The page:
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DRCNet Response to the
Drug Enforcement Administration
LSD in the United States

LSD: The Drug

Background D-lysergic acid diethylamide (LSD01) is the most potent hallucinogenic substance known to man. Dosages of LSD are measured in micrograms, or millionths of a gram. By comparison, dosages of cocaine and heroin are measured in milligrams, or thousandths of a gram. Compared to other hallucinogenic substances, LSD is 100 times more potent than psilocybin and psilocin and 4,000 times more potent than mescaline.02

The dosage level that will produce an hallucinogenic effect in humans generally is considered to be 25 micrograms. Over the past several years, the potency of LSD obtained during drug law enforcement operations has ranged between 20 and 80 micrograms per dosage unit. The Drug Enforcement Administration (DEA) recognizes 50 micrograms as the standard dosage unit equivalency.

LSD is classified as a Schedule I drug in the Controlled Substances Act of 1970. As a Schedule I drug, LSD meets the following three criteria: it is deemed to have a high potential for abuse; it has no legitimate medical use in treatment; and, there is a lack of accepted safety for its use under medical supervision.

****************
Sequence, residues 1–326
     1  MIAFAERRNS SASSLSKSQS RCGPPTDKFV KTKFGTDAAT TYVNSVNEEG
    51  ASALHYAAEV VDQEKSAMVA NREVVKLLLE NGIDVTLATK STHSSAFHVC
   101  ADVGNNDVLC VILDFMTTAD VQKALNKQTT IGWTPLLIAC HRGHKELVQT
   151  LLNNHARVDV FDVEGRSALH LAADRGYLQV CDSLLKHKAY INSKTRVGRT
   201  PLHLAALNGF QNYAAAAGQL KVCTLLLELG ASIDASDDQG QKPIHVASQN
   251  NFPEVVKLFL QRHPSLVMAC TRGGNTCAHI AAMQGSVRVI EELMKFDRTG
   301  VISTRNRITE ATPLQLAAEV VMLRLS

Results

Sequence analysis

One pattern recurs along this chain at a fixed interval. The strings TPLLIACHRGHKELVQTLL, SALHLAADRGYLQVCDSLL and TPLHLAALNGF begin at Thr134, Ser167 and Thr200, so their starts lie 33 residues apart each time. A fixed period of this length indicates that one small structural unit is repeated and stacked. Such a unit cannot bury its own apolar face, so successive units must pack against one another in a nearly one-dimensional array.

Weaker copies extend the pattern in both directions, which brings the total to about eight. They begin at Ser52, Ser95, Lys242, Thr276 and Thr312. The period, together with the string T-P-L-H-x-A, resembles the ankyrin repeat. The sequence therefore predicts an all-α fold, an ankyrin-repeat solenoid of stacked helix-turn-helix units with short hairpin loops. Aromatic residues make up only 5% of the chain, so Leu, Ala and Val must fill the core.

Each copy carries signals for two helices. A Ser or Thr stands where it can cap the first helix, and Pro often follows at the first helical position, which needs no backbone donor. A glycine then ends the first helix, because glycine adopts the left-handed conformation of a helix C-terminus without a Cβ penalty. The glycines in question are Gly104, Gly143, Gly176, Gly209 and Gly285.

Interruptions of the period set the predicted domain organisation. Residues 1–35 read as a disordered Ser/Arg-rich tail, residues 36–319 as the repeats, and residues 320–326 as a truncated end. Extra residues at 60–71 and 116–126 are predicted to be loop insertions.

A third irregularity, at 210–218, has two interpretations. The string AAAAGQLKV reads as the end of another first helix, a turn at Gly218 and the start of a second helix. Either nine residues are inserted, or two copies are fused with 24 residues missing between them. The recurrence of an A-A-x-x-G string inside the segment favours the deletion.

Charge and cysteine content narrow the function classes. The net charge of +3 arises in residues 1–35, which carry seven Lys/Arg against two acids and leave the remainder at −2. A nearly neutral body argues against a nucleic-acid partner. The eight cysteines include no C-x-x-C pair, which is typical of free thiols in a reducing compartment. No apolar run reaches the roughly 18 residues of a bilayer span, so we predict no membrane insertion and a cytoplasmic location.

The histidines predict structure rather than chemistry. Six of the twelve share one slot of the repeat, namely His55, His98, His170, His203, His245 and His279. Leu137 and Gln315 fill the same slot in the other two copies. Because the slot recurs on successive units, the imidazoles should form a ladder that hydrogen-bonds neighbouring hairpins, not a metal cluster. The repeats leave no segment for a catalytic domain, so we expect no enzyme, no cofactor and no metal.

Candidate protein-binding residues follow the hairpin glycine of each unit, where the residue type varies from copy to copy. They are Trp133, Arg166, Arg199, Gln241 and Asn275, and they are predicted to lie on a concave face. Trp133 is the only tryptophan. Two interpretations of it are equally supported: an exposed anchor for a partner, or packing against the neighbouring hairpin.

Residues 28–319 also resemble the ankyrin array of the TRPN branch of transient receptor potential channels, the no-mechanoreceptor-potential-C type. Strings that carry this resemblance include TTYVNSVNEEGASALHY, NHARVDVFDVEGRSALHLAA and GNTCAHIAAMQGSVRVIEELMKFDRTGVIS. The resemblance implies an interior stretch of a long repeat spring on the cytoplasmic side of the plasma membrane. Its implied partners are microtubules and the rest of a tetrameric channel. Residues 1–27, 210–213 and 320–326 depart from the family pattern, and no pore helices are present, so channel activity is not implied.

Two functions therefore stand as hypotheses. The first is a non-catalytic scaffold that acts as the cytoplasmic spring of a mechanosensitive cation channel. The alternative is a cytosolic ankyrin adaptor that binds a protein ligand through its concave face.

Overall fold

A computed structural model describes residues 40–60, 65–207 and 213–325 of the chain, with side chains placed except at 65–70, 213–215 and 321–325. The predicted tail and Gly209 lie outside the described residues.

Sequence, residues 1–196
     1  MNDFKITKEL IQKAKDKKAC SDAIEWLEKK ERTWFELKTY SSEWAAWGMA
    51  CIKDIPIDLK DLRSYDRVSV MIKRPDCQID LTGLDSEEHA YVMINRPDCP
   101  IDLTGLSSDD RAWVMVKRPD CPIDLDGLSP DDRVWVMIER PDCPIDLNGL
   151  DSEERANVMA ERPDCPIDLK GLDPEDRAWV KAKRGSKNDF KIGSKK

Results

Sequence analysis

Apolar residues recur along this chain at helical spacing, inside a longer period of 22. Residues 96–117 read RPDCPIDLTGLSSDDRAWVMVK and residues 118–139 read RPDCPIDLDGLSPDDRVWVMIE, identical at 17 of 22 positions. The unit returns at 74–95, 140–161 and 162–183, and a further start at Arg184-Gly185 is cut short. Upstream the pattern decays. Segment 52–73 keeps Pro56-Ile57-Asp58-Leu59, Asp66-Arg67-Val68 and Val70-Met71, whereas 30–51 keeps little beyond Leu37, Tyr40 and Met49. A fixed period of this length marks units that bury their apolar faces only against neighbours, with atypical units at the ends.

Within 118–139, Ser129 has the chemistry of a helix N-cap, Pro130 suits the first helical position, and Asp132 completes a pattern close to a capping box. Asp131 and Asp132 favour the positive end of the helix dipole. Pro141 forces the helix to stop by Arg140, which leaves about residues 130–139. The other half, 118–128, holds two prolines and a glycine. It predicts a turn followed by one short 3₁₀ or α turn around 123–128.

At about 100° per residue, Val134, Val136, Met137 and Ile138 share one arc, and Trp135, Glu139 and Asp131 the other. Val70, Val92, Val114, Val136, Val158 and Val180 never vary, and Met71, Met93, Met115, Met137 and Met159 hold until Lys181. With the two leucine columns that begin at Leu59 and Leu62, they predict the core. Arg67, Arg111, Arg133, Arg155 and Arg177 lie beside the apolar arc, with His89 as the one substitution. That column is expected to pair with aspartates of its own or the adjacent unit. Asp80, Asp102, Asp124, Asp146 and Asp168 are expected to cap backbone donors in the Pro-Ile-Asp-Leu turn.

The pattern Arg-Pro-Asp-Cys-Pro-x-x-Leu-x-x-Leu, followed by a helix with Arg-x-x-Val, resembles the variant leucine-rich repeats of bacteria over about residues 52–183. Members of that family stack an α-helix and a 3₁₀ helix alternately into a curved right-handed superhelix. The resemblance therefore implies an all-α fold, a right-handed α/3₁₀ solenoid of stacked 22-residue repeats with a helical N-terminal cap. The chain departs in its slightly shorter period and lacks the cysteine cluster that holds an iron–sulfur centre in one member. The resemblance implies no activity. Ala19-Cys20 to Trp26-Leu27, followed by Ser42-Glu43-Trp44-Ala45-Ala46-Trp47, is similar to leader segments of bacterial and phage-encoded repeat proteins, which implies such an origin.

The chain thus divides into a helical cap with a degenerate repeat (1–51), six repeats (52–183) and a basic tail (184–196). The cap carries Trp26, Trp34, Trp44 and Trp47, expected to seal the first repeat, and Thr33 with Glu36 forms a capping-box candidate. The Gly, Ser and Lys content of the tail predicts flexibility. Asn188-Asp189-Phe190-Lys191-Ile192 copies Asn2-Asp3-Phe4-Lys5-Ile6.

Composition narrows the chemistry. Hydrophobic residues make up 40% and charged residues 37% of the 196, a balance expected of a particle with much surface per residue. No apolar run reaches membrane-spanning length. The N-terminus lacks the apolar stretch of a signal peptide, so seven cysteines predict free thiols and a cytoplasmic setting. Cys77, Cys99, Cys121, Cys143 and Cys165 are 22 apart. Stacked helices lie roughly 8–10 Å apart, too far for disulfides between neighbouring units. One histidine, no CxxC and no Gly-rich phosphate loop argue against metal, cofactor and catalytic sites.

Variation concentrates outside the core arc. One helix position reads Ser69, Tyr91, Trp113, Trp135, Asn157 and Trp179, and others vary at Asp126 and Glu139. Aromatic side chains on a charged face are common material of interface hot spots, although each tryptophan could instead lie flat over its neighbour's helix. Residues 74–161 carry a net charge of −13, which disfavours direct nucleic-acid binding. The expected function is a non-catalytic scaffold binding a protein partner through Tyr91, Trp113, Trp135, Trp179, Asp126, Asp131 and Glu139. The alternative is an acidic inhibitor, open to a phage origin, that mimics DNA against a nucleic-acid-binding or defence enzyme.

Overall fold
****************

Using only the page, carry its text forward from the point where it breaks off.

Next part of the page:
LSD was synthesized in 1938 by a chemist working for Sandoz Laboratories in Switzerland. It was developed initially as a circulatory and respiratory stimulant. However, no extraordinary benefits of the compound were identified and its study was discontinued.03 In the 1940’s, interest in the drug was revived when it was thought to be a possible treatment for schizophrenia. Because of LSD’s structural relationship to a chemical that is present in the brain and its similarity in effect to certain aspects of psychosis, LSD was used as a research tool in studies of mental illness.

Sandoz Laboratories, the drug’s sole producer, began marketing LSD in 1947 under the trade name “Delysid” and it was introduced into the United States a year later.04 Sandoz marketed LSD as a psychiatric cure-all and “hailed it as a cure for everything from schizophrenia to criminal behavior, ‘sexual perversions,’ and alcoholism.”05 In fact, Sandoz, in its LSD-related literature, suggested that psychiatrists take the drug themselves in order to “gain an understanding of the subjective experiences of the schizophrenic.”06

In psychiatry, the use of LSD by students was an accepted practice; it was viewed as a teaching tool in an attempt to understand schizophrenia. From the late 1940’s through the mid-1970’s, extensive research and testing were conducted on LSD. During a 15-year period beginning in 1950, research on LSD and other hallucinogens generated over 1,000 scientific papers, several dozen books, and 6 international conferences, and LSD was prescribed as treatment to over 40,000 patients.07 Although initial observations on the benefits of LSD were highly optimistic, empirical data developed subsequently proved much less promising.

As enthusiasm for the untested assumptions became tempered by the findings of actual experiments—and as less scrupulous professionals in the industry relaxed supervision and control of experiments—LSD emerged as a drug of abuse in certain, primarily medical, circles. Some psychiatric and medical professionals, acquainted with LSD in their work, began using it themselves and sharing it with friends and associates.08